Independence Monument

A significant landmark in Kampala, commemorating Uganda’s attainment of independence from the British colonial rule on October 9, 1962 and it stands at the heart of the city. The monument shows a man raising a child and breaking free from the chains simultaneously which symbolizes Uganda finally being free and an independent state and a testament to Uganda’s history and journey towards self-governance. It has become symbolic in regards to national unity and pride and the space is public.

Kasubi Tombs

As the burial grounds for the Kings of Buganda and other royal family members, this makes Kasubi Tombs both a spiritual and political site. In December 2001, it become a UNESCO World Heritage Site situated 5km from the center of Kampala, built in the 13th century, it’s one of the 31 royal tombs in the Buganda kingdom. With four Kabaka’s tombs housed there, Kasubi represents the best existing example of the Buganda palace and or burial site. The tombs are a symbol of cultural heritage and are held in high regard as a sacred site and also serve a place of royal worship as rituals and ceremonies related to the Buganda kingdom are held there. Unfortunately in 2010 some of the buildings were destroyed in a fire and as a result was included on the list of World Heritage Sites in danger. Buganda kingdom vowed to rebuild the tombs and the government of Uganda also pledged its assistance though reconstruction started in 2014 funded by the government of Japan. Kasubi bears eloquent views to the cultural traditions of the Buganda Kingdom.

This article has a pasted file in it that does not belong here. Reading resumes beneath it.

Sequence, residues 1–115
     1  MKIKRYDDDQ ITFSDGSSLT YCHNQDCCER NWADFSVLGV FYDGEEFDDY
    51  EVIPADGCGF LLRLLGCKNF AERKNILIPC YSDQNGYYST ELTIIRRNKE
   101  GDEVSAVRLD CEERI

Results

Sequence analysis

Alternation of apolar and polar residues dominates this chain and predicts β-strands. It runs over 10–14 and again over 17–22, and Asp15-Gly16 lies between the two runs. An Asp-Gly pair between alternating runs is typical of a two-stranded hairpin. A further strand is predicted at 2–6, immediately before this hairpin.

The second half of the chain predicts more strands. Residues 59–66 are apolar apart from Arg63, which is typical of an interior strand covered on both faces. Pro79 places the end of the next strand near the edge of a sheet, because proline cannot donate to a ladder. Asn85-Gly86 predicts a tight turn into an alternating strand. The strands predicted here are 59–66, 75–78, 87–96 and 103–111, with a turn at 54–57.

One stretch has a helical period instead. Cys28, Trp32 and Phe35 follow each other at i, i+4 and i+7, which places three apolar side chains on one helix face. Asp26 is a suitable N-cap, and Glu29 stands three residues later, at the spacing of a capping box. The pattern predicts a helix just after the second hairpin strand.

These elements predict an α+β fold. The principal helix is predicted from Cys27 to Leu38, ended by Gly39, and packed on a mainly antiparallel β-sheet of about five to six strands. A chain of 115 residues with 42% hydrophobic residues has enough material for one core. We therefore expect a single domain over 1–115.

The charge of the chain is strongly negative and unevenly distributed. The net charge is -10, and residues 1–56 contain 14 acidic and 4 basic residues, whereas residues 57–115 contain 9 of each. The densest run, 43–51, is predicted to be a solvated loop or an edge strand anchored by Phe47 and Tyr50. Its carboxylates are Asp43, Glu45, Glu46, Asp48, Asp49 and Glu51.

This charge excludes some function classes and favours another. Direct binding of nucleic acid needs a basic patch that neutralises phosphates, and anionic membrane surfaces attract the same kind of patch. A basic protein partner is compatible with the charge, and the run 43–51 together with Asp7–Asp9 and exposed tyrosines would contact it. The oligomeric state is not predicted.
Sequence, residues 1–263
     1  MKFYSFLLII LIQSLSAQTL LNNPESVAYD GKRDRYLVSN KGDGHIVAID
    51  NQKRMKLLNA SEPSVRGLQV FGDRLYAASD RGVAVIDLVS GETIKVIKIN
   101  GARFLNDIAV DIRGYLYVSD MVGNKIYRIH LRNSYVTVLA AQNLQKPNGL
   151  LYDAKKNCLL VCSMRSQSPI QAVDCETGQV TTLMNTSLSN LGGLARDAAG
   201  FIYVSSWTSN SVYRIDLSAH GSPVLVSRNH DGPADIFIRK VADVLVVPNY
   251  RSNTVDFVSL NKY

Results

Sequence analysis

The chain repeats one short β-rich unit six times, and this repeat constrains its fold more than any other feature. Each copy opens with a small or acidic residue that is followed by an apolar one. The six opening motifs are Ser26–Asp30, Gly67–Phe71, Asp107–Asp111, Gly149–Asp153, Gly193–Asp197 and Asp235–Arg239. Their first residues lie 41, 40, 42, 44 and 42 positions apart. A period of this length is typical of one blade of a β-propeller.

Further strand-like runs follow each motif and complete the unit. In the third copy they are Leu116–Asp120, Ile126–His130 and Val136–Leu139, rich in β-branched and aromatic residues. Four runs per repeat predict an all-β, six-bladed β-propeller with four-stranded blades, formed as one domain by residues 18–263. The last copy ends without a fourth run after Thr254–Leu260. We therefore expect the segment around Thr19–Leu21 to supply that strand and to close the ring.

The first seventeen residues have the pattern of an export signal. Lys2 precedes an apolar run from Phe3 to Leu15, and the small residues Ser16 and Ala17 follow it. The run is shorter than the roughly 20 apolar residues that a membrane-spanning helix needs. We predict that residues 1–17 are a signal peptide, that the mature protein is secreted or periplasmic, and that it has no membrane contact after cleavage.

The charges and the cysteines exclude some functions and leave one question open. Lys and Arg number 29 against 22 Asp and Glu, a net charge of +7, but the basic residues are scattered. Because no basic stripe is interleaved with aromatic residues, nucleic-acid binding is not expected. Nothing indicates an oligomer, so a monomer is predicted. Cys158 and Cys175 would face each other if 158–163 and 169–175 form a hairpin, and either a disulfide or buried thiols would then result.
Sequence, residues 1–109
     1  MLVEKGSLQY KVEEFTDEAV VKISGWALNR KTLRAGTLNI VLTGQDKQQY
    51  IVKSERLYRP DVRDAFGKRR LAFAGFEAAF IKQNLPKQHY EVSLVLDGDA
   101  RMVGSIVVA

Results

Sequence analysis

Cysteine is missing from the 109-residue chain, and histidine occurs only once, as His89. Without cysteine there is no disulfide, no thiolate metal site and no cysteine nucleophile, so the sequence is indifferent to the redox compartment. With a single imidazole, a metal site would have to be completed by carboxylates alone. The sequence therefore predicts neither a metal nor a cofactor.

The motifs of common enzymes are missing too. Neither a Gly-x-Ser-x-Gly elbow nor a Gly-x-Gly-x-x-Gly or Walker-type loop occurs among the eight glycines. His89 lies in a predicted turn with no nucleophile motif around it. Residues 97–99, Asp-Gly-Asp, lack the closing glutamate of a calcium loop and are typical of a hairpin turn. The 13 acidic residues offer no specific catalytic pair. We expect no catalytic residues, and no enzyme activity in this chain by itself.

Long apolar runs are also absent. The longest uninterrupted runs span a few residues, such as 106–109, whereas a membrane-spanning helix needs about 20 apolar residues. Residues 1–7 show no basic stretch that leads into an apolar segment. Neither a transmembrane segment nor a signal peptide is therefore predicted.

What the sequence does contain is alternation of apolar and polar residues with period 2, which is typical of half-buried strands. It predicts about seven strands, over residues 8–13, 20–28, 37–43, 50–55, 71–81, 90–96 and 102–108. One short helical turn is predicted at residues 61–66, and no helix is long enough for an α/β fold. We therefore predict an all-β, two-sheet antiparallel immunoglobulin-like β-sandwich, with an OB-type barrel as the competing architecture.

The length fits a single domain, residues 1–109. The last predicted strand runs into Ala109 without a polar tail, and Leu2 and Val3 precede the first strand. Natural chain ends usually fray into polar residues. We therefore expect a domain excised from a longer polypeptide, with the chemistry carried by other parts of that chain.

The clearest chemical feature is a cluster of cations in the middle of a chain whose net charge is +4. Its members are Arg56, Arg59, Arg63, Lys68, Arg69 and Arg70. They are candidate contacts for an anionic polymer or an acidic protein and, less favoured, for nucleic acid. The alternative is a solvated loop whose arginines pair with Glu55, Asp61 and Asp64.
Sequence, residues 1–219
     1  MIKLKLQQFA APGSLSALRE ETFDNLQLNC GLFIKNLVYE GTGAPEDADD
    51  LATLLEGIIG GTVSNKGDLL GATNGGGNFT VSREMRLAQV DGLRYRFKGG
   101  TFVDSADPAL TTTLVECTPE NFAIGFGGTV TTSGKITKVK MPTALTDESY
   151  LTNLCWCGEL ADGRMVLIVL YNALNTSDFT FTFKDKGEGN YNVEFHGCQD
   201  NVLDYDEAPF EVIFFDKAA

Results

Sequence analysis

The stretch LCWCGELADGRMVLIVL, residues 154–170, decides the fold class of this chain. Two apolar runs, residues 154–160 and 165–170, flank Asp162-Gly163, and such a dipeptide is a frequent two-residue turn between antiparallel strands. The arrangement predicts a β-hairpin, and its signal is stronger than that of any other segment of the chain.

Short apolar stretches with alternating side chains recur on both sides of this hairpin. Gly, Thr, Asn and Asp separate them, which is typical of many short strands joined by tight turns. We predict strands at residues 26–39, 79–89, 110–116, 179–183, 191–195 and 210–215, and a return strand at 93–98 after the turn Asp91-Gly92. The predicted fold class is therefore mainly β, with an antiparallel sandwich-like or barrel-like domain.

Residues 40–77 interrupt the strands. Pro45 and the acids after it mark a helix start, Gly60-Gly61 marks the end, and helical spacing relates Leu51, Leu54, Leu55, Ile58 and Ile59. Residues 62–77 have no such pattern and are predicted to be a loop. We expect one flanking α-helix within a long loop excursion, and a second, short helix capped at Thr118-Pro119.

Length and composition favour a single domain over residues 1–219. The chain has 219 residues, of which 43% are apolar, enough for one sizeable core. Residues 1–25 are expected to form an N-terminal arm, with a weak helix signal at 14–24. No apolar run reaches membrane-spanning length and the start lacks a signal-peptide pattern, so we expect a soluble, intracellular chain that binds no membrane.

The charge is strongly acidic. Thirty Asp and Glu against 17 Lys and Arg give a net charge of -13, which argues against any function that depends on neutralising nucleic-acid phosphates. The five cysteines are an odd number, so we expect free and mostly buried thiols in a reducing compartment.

Uganda Martyr’s Shrine Namugongo

Observing the martyrdom of the group of Christian converts who were executed for their faith in the late 19th century, Uganda Martyr’s shrine is the place and it’s situated in Namugongo. A group of 23 Anglicans and 22 Catholics were martyred between 1885 and 1887 during the reign of Kabaka Mwanga ii, the king of Buganda at the time as they refused to renounce their Christian faith. This place was notoriously known as the spot for punishments, imprisonments and execution given by Kabaka Mwanga towards to those who disobeyed him and any of his laws before the group of Christians who were martyred from there. A unique lake at the gardens of Namugongo shrine is believed to have miraculous waters and people visit the lake with faith that diseases and any other issues will be healed by the waters from the lake as there are testimonies of its healing. On site there is also a museum that provides insights into the lives of the martyrs leading to their martyrdom, this all combined makes for a unique experience as one of the attractions Kampala has to offer.